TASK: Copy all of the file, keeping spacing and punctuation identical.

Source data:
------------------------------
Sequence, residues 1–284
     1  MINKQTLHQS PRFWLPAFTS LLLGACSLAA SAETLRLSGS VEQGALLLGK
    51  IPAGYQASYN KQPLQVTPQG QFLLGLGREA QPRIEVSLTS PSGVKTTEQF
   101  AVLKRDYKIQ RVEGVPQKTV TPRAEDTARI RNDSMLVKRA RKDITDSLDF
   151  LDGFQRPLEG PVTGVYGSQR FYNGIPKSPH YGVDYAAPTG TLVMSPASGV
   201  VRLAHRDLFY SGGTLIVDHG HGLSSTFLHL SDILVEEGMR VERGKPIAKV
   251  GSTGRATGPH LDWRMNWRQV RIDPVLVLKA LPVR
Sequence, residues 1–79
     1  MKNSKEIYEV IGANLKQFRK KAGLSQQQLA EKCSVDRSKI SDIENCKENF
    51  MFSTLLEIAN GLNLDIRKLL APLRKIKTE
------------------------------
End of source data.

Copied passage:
Sequence, residues 1–284
     1  MINKQTLHQS PRFWLPAFTS LLLGACSLAA SAETLRLSGS VEQGALLLGK
    51  IPAGYQASYN KQPLQVTPQG QFLLGLGREA QPRIEVSLTS PSGVKTTEQF
   101  AVLKRDYKIQ RVEGVPQKTV TPRAEDTARI RNDSMLVKRA RKDITDSLDF
   151  LDGFQRPLEG PVTGVYGSQR FYNGIPKSPH YGVDYAAPTG TLVMSPASGV
   201  VRLAHRDLFY SGGTLIVDHG HGLSSTFLHL SDILVEEGMR VERGKPIAKV
   251  GSTGRATGPH LDWRMNWRQV RIDPVLVLKA LPVR
Sequence, residues 1–79
     1  MKNSKEIYEV IGANLKQFRK KAGLSQQQLA EKCSVDRSKI SDIENCKENF
    51  MFSTLLEIAN GLNLDIRKLL APLRKIKTE